The pink princess philodendron, like most philodendrons, can be easily propagated from stem cuttings. Plant propagation has many benefits, including the creation of a new plant to give away and the promotion of variegation (particularly if your plant’s leaves have begun to revert). Following these simple instructions, you may easily multiply your pink princess philodendron from stem cuttings:
- To begin, decide where on the plant’s stem you want to make your cut. Two or three leaves and two or three exposed nodes near the bottom of the cutting are ideal.
- Separate your cuttings by cutting the stem with sterile pruning shears or scissors.
- Get rid of the lower leaves on your cutting and keep only the top two or three.
- Leave the cutting out for 12–24 hours so the cut can callous over.
- The cutting should be submerged in water and placed in an area with bright, indirect light once the edge has calloused. Make sure the cutting’s exposed ends are always submerged in water.
- New roots should emerge from the cutting within two to three weeks.
- The cutting can be replanted in soil once its roots have reached a length of at least 1 inch. Choose a potting soil with good drainage, and water it thoroughly.
Insect Pests & Typical Plant Diseases
Many common pests and diseases that plague houseplants can harm the pink princess philodendron. The mealybug, aphid, spider mite, scale, and fungus gnat are typical pests. Root rot is a common disease that occurs when plants are overwatered, and rust spot is caused by a fungal infection.
Pink Princess Philodendron Is Prone To a Number Of Problems.
Pink princess philodendrons are low-maintenance houseplants if given the right treatment. Improper watering, humidity, or light are frequently the root causes of problems with these tropical plants.
When the humidity level drops, the leaves of a pink princess philodendron start to dry out and become brown around the edges. There is no way to undo the harm that has already been done, but you can slow the plant’s browning by increasing the humidity around it.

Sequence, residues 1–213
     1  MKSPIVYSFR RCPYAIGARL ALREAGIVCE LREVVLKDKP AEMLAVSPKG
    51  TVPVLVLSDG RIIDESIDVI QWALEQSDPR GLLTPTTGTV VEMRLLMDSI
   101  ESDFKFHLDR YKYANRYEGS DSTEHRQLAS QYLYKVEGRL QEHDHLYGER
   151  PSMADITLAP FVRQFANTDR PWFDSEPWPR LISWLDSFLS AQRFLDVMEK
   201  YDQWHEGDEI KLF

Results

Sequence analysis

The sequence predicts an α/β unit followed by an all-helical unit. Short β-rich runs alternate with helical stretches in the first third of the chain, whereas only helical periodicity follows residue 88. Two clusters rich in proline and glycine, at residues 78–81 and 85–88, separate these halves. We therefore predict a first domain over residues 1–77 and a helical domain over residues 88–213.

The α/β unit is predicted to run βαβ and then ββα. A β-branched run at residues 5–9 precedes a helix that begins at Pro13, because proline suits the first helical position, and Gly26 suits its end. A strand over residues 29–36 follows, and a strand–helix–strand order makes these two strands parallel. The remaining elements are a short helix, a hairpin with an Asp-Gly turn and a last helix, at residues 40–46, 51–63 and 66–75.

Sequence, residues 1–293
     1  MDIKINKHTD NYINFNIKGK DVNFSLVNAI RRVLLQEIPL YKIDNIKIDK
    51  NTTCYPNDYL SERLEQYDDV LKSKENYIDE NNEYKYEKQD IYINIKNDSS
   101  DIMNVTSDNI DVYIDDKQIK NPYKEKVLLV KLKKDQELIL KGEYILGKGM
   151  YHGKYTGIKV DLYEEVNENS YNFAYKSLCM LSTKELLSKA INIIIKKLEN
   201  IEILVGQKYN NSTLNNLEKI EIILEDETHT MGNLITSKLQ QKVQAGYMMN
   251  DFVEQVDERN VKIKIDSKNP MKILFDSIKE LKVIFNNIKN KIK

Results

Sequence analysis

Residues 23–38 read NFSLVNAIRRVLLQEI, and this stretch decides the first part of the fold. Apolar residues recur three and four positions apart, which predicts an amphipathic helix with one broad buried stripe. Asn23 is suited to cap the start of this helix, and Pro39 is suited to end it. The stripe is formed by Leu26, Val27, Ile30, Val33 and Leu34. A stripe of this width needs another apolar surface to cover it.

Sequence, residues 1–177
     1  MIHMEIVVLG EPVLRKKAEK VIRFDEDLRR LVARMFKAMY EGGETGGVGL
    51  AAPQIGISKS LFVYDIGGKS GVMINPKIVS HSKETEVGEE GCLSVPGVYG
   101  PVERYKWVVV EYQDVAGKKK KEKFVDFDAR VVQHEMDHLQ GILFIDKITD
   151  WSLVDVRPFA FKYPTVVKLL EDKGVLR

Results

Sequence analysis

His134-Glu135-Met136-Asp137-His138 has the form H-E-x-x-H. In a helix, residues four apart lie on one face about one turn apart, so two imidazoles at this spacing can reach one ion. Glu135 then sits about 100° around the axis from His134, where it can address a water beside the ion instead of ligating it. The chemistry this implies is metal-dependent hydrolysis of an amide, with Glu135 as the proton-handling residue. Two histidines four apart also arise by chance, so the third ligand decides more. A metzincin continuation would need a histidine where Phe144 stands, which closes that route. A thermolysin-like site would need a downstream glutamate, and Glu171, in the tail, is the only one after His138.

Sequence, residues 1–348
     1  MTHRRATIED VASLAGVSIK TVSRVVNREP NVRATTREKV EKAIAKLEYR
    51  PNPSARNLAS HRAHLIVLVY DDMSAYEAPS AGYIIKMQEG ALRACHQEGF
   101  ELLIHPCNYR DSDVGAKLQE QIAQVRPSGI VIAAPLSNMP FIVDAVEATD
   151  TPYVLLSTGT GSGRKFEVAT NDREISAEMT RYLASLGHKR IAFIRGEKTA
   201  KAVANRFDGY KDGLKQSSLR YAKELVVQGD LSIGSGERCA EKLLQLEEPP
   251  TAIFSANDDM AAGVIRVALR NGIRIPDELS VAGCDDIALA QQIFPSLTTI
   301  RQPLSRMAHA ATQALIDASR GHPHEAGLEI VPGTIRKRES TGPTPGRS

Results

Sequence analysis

Changes in Brownian Motion
Brown spots are the last thing you want to see on your plant, but they might appear if you expose it to light that is too strong. Pink markings on the leaves are easily scorched by direct sunlight, leaving big blackened areas. As was just indicated, a lack of humidity can also play a role in this.
What’s up with the high cost of the pink princess philodendron?
The magnificent foliage of these tropical plants has caused a surge in their popularity, making it challenging for growers to meet consumer demand. Due to the mutagenic nature of their variation, it is difficult to propagate these plants from seed, driving up the price even further. This has led to exorbitant costs, despite the fact that pink princesses require minimal maintenance.
My once-pink plant is now completely green; what gives?
The absence of illumination is likely to blame. To encourage dense shading and robust variegation, keep your plant out of direct sunlight and instead in bright, indirect light.
In what way is my plant becoming leggy?
If your plant is getting leggy, it means the leaves are trying to seek for more light. To avoid lanky new growth, relocate your plant to a brighter area.